By Tom Stoppard

Who didn’t hope that Stoppard would pull one final masterpiece from the hat, especially as Leopoldstadt (the Jewish quarter of Austria) is his most personal play. Unfortunately, his reach exceeded his grasp. Structuring the play around a rich family of Jews who have married Christians and consider themselves Austrians, Leopoldstadt sports a huge cast and five different time periods. Alas, the time shifts, the bewildering number of characters and interminable rhetorical discussions, render the play a hard watch. You never truly engage with such a wide ranging story and only at the end does Stoppard deliver some much needed emotion. With the exception of Adrian Scarborough, the cast seems a bit lost within the play, and Patrick Marber appears to have given up when a group of cliche Nazis, straight out of JoJo Rabbit, turn up.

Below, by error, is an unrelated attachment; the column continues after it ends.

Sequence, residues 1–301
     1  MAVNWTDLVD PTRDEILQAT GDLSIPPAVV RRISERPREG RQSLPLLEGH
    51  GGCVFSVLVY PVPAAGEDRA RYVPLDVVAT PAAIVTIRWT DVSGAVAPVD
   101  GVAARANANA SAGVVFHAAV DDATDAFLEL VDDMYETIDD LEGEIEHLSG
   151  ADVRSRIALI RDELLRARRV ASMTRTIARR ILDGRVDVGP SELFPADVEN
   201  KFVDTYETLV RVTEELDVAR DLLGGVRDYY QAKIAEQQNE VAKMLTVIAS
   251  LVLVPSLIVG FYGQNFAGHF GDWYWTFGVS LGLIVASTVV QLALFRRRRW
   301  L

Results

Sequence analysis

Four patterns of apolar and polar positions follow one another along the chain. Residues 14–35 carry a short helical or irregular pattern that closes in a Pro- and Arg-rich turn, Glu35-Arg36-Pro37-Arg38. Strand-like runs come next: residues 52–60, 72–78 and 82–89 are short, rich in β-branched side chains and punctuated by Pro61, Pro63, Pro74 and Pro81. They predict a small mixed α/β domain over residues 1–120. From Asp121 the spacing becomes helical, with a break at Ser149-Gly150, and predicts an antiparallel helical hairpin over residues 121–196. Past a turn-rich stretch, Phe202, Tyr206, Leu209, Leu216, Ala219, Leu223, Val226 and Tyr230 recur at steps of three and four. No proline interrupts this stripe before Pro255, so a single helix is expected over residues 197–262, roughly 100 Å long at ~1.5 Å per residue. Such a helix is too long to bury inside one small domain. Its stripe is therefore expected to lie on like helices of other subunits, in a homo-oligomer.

There is an interesting story to be told about how survivors of the Holocaust dealt with the memories, why some built Israel, others ensured the tragedy was never forgotten and some, like Stoppard’s mother, blanked out the entire experience and became citizens of the country they found sanctuary in. Instead, Stoppard mostly plays safe and there are few new insights into how people experienced the Holocaust before or after.

Verdict: disappointing valedictory addition to Stoppard’s canon.